‘The First Lady,’exclusively released on a streaming platform Watcha, depicts the lives of the First Ladies, Eleanor Roosevelt, Betty Ford, and Michelle Obama, each starred by Gillian Anderson, Michelle Pfeiffer, and Viola Davis. Even though the three First Ladies lived in the White House in different time periods—1930s, 1970s, and 2010s, respectively—, the role of the First Lady was clear: “Keep low profile, and only present yourself as a beautiful and kind woman.” Nevertheless, Eleanor, Betty, and Michelle did not obediently follow the demand, but they pioneered their own way in the White House.
Rather than following the chronological order, the series was edited using a cross-cutting technique by switching back and forth between different timelines by 10 different themes, including ‘White House,’ ‘Proposal,’ and ‘Destruction.’
The series depicts the lives of the three women, covering their childhood, first encounter with their husbands, entry into the White House, and lives after retirement, by jumping among three different timelines; they are the stories that are similar but different at the same time. Although the stories are based on historical facts, conversations and some of the circumstances are fictitious.
If the president is the ‘center of the White House,’ the First Lady is the ‘conscience of the White House.’ This is because the First Ladies were true to their convictions about racial discrimination, the Equal Rights Amendment (ERA), and the legalization of same-sex marriage, which are political issues that the presidents often feel careful not to speak loud about. The show’s depiction of Betty Ford, who is less known compared to Eleanor Roosebelt and Michelle Obama, is particularly interesting. It did a good work in closely depicting Betty Ford, who was seemingly an ironclad woman, by conveying both public nature of the first lady but also her weakness as an individual. For example, the show is devoted to portraying Betty’s candor about her breast cancer and hard work to raise public awareness of women’s diseases, as well as her advocacy for ERA passage, but it never misses on depicting her suffering depression and struggle with alcohol dependence. The series was produced by Susanne Bier, a Danish filmmaker who is known for her films In a Better World and Bird Box, whose delicate eye for detail and design is easily noticed.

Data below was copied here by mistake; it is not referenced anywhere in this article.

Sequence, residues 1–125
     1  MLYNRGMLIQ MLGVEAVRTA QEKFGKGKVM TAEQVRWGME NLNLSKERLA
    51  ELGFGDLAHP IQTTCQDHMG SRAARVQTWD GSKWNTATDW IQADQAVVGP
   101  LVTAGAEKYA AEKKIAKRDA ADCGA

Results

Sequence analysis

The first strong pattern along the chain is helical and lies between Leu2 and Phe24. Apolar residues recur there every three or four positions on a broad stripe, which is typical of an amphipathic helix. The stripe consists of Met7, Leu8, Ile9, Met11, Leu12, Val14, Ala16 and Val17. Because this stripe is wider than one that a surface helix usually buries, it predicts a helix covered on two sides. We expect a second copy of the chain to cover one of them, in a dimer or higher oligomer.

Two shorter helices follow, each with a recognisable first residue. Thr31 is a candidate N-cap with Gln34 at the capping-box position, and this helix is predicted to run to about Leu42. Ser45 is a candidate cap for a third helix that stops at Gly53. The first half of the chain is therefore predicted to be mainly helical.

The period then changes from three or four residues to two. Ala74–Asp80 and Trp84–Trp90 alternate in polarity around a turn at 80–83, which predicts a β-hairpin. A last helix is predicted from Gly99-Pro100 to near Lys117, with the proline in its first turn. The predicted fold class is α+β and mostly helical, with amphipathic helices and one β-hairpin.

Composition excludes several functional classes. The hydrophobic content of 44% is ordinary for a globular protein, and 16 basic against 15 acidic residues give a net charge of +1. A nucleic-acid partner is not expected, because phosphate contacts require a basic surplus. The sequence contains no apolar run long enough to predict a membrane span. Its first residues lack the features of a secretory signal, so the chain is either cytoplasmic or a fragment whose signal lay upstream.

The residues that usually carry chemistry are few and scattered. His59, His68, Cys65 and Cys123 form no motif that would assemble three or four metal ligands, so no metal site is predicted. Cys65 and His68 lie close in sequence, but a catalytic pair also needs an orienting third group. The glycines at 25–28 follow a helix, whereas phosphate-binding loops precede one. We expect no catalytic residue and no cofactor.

Ji-Hoon Lee email@example.com